"What you find is that suicides happen because of the total burden the person is feeling, how much they feel things can't get better and they can't tolerate the psychological pain they are experiencing," says Dr. John L. McIntosh, a psychologist and suicide expert at Indiana University. "Sometimes it takes years for the effect of economic downturn or instability to trickle down to the level of the psyche or penetrate the psyche, to get under the skin to produce some of the negative outcomes such as suicides."

There are roughly 32,000 suicides every year in the U.S., almost twice the 18,000 homicides recorded each year. Even these figures are just a hint of the nation's psychic pain. There are an estimated 800,000 attempted suicides every year, with the elderly and teenagers or college-age kids the most vulnerable. And survivors — currently numbering somewhere between 10 and 20 million — are at a higher risk for subsequent attempts.

What's more, only about a third of people in need of treatment are getting any. "If we were in the professional world in advertising and marketing we'd all be fired because we are not reaching the majority of our audience," says Alan Ross, executive director of the New York chapter of the Samaritans, an international counseling organization. Last year his center fielded 58,000 calls, which in the last couple of years have been increasing at double previous annual growth rates. He attributes this to a tremendous increase in stress levels due to things like economic insecurities exacerbated by globalization.

The particular nature of the current crisis is also a cause for concern. "For most Americans, our homes are our primary investment and the locus of our identities and social support systems," notes the American Association of Suicidology. "When combined with the loss of job, home loss has been found to be one of the most common economic strains associated with suicides."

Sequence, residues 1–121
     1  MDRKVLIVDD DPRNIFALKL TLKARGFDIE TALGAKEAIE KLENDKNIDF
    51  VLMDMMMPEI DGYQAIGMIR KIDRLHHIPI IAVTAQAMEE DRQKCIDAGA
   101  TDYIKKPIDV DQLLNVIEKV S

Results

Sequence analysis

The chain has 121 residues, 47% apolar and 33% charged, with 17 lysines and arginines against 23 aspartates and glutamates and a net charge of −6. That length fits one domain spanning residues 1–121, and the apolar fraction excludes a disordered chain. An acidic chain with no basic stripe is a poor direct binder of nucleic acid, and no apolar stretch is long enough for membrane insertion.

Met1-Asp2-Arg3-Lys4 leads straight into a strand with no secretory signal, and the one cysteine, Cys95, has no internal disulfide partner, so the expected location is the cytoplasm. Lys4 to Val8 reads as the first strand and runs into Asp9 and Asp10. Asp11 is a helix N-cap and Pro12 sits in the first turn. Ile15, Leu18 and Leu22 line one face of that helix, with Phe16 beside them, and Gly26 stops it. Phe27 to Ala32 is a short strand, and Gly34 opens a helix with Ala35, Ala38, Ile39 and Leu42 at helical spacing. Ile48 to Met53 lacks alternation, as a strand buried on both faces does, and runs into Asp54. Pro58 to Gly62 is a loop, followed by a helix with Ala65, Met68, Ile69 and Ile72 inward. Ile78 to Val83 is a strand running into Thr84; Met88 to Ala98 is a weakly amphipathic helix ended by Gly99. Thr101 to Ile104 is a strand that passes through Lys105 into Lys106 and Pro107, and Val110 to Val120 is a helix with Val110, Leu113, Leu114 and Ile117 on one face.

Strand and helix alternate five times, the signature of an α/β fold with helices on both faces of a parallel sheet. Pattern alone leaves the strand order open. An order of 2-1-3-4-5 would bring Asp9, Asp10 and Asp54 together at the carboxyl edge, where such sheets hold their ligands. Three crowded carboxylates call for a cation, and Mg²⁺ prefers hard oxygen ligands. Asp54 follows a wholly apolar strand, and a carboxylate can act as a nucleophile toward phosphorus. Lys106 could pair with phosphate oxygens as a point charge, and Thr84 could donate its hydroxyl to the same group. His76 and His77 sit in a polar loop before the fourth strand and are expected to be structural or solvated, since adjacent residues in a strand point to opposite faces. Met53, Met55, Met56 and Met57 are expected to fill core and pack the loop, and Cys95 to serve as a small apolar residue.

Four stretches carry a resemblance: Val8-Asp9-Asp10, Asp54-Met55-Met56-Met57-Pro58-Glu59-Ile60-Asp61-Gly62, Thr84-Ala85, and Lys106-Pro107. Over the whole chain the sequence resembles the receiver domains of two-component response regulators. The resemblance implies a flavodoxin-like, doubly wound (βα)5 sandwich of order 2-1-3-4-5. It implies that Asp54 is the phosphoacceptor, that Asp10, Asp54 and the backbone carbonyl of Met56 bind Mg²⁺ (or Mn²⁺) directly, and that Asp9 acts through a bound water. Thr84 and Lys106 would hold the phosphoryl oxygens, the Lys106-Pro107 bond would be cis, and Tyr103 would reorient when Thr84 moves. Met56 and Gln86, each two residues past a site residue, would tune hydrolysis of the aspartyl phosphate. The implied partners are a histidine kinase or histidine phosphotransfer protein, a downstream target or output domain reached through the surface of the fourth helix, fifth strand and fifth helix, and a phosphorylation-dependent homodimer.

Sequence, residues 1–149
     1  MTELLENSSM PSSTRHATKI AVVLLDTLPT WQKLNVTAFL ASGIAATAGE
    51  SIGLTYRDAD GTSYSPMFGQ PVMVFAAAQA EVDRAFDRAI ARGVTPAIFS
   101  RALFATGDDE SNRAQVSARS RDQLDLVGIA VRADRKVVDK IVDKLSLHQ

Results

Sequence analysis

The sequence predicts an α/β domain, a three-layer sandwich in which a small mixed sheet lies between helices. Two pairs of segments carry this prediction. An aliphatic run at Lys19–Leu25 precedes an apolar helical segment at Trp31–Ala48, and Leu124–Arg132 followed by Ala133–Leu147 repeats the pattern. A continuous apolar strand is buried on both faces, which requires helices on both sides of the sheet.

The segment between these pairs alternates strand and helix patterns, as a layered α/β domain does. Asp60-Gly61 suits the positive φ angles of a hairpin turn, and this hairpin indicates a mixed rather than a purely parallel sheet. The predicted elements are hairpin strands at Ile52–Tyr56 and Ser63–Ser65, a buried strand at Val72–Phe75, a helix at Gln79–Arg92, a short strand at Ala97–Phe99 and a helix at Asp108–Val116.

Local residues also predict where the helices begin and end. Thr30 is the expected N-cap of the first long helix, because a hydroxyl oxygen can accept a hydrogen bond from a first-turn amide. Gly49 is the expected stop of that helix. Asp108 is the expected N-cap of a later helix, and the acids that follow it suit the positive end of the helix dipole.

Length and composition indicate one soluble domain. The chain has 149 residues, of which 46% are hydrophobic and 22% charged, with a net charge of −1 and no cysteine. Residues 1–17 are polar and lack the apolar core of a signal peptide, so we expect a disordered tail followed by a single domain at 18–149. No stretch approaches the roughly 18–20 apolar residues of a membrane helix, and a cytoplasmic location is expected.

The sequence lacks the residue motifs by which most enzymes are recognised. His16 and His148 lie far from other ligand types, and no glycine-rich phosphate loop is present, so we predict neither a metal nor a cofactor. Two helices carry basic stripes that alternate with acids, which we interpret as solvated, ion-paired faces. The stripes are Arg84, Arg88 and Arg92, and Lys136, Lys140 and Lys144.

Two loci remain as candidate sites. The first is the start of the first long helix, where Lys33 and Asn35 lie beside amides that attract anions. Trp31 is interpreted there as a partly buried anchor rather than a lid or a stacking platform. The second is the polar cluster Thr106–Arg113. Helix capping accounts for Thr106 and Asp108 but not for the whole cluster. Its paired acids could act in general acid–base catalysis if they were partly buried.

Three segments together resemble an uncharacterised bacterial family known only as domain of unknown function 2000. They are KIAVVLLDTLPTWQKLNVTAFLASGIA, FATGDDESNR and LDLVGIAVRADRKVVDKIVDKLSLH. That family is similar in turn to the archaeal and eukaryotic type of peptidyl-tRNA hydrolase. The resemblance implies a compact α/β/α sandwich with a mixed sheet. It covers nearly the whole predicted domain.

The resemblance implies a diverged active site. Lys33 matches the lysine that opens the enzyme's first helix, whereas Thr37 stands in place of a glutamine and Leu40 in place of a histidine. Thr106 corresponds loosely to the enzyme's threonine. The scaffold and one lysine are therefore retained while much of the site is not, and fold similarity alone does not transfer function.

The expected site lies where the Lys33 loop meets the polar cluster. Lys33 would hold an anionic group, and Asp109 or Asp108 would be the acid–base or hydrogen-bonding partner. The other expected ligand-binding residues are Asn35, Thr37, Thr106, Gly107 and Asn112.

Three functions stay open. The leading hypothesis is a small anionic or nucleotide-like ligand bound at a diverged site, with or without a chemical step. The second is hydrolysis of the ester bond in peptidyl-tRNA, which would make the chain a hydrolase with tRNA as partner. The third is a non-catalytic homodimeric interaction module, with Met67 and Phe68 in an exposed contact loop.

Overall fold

Warning signs are already erupting in parts of the U.S. hard hit by the housing crisis. In Los Angeles, calls into the suicide prevention call center run by the Didi Hirsch Community Mental Health Center spiked 65% in the second half of 2008 over the previous year. There has also been a surge of training requests from fire and police departments from throughout Los Angeles County — even from a mortgage counseling company — to help deal with an upsurge in suicide risk. "The reality is we are already overwhelmed," says Dr. Kita S. Curry, the center's executive director. With any publicity about her center, calls spike, suggesting unmet need.

For all the advances the mental health community has made in recent decades, including pharmacological treatment, the biggest factors influencing suicides rates seems far beyond its reach. "Suicide rates appear to be quite strongly associated with broad sweeping cultural trends rather than more minor things such as a treatment," notes retired Colonel David Litts, who played a key role in reducing suicide within the Air Force by 60% in five years. (The overstretched Army, by contrast, is still experiencing historically high rates.) "So in the face of this economic turmoil perhaps the most important thing we can do is relieve the financial strains on individuals because research has shown that financial strain is the link between unemployment and depression and suicide."

See pictures of the Jonestown mass suicide